The Loss of Something Important

This has not been the best of weeks. Anniversaries are usually a time of celebration but this one, ten years since 9/11, brought up a lot of memories and feelings connected to that dreadful day. We as a nation lost so much: our naiveté and innocence, family and friends, fellow citizens, sense of safety and security and more. We knew in the moments the terror was unfolding that our lives would never be the same, we just didn’t know what that meant. Now we see the effects of 9/11 where ever we go: passing through detectors as we enter many buildings, especially government buildings; lengthy security checks at every airport; random bag searches on just about every metro-area transit system, etc. We are much more apt to report suspicious behavior or unidentified packages left anywhere out of the ordinary. Our fears are pricked when traveling with folks who “look different” from us. Sad, yes, but true.

I lived in Allentown, Pennsylvania. September 11, 2001, was like any other day for me. The day was sunny and bright reflecting my mood. Richard, my then-fiance, was visiting from Dayton at the time and was planning to return home later in the day. We were planning a wedding in October. I went to work as usual. I was the director of the county women’s community corrections center and I enjoyed my work immensely. The first two hours or so were devoted to paperwork and administrative blablabla. Around 9:00am I heard a commotion in the hallway outside my door which did not subside even after a few minutes. I poked my head out to tell people to keep the noise down. Obviously agitated, the women (3 or 4 of them) began telling me at once that something terrible had happened in NY City; a plane had flown into the World Trade Center. My first reaction was that it was very sad and I hoped that not too many people got hurt. Most people were probably not even at work yet. My inner thoughts were that the women were in their “drama” mode, a state of being that is common in correctional facilities. In order to maintain my integrity, I had long ago consciously decided that I would not succumb to the daily drama in that building. I closed my door and went back to work.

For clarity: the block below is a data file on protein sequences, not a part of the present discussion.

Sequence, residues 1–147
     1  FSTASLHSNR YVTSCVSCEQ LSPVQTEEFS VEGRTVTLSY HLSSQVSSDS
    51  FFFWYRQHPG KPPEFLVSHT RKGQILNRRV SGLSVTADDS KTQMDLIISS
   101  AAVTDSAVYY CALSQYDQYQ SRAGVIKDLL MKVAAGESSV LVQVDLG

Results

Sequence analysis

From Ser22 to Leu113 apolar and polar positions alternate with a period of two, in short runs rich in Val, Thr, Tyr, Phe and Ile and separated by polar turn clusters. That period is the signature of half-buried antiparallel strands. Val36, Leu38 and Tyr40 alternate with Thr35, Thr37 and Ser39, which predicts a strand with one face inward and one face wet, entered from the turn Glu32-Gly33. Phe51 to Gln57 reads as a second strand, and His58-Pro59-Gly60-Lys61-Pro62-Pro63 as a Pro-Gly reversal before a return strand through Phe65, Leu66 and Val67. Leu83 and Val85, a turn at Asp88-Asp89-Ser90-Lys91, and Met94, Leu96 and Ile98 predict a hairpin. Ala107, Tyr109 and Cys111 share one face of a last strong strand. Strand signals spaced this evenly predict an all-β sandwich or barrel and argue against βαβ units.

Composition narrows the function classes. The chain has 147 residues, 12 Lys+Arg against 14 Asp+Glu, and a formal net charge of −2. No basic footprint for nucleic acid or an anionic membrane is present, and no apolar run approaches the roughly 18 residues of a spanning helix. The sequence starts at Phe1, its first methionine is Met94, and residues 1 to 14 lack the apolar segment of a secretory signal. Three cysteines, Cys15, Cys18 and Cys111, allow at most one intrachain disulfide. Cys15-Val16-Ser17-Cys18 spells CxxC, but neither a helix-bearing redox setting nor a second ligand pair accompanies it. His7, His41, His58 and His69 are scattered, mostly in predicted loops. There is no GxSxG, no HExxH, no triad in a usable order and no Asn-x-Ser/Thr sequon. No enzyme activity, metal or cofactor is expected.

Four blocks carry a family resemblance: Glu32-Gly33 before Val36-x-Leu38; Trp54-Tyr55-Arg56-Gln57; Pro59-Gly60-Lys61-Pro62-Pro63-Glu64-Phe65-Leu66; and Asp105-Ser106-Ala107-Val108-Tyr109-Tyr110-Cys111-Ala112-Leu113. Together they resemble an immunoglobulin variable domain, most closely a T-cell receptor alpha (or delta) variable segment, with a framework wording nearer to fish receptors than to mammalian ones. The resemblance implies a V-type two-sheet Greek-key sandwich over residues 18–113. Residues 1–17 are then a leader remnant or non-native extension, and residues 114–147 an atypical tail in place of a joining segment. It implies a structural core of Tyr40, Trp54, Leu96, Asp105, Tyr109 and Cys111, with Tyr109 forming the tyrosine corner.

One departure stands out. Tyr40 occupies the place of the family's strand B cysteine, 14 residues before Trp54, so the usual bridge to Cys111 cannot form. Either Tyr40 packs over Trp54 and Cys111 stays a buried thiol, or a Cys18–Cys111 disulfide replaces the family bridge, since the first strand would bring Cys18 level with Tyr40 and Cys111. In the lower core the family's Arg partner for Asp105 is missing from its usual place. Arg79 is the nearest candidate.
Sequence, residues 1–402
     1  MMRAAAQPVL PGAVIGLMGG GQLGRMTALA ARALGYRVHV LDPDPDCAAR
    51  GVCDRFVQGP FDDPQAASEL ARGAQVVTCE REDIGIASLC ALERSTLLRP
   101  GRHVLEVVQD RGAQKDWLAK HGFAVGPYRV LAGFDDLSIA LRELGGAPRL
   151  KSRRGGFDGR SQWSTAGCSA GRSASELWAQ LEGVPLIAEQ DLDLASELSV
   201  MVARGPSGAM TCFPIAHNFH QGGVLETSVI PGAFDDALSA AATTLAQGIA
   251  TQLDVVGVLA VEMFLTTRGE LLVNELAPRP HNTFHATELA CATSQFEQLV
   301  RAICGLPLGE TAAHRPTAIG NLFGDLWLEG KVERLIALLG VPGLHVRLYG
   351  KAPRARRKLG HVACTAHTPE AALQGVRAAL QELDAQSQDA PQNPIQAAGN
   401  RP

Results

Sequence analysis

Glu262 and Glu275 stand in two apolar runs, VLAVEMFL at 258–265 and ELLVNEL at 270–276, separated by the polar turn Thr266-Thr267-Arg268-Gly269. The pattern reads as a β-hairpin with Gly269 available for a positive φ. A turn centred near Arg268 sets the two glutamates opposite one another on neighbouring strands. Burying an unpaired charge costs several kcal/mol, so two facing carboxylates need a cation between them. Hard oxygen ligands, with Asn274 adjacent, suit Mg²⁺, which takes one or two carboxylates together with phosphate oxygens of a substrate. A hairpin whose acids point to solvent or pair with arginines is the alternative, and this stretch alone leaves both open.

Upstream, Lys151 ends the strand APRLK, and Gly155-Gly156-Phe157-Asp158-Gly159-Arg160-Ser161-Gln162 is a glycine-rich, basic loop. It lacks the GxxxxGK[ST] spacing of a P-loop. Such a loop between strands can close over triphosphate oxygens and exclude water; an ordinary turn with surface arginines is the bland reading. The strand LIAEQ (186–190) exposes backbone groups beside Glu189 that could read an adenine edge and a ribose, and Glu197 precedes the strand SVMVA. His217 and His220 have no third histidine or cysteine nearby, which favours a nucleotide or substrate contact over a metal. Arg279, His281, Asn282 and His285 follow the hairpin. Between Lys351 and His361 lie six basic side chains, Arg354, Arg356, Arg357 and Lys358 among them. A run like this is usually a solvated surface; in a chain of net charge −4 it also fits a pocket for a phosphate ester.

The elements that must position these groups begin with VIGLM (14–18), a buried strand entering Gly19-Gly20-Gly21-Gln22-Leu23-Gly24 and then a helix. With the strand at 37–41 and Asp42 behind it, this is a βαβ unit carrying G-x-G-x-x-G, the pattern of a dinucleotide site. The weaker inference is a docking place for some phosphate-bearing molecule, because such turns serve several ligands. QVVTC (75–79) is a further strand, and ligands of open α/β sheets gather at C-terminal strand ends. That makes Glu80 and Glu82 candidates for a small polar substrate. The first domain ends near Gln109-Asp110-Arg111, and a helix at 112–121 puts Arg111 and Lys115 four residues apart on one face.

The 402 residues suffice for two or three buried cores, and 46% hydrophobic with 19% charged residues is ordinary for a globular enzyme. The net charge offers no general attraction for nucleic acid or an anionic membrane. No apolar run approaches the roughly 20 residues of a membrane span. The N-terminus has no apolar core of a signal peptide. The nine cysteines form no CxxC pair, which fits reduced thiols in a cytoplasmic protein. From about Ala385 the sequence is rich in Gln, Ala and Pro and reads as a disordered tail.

Within minutes though, more women were pounding on my door. Now a plane had flown into the Pentagon. I casually asked if they had seen it, or was a reporter talking about the “what ifs?” Now the story was that both towers had been hit, and the Pentagon with passenger planes (far fetched) and another passenger plane was missing. By now I figured they were trying to dupe me about something ~ I had a reputation for being gullible. But, there was an urgency in their voices and fear in their eyes which raised my radar a bit. We all walked into the tv room together and there I was greeted with the images we are all now familiar with. I caught my breath and blurted out “We are under attack!” All of us, residents, staff and myself, sat glued to the tv for the following hours into days. I gave the women unlimited phone privileges for the rest of the week because many of them had family members in NYC. A new staff member was especially distraught. She had been offered a position in the World Trade Center the same time I offered her a position at the Correctional Center. She and her husband had chosen to accept my offer because they wanted to get their children out of the city and raise them in a more bucolic setting. 9/10 would have been her first day on the job if she had accepted their offer. Many of her family were still in NY. We were less than two hours from Wall Street. Some of my friends were the ones walking around, after the buildings collapsed, covered in white dust, choking on the air.

When I arrived back home fighting back tears, Richard was still there. He and I had been in communication by phone all day long. In fact I was the one who told him to turn on the tv. He stayed for days afterwards as we watched in disbelief at everything that transpired over and over and over again, and then some more. Our minds simply could not wrap around the tragedy of that day and the days to come. The world changed on 9/11, the day we lost our innocence. The first anniversary of that day was awful. Our grief was still palpable. The mood was somber, to say the least.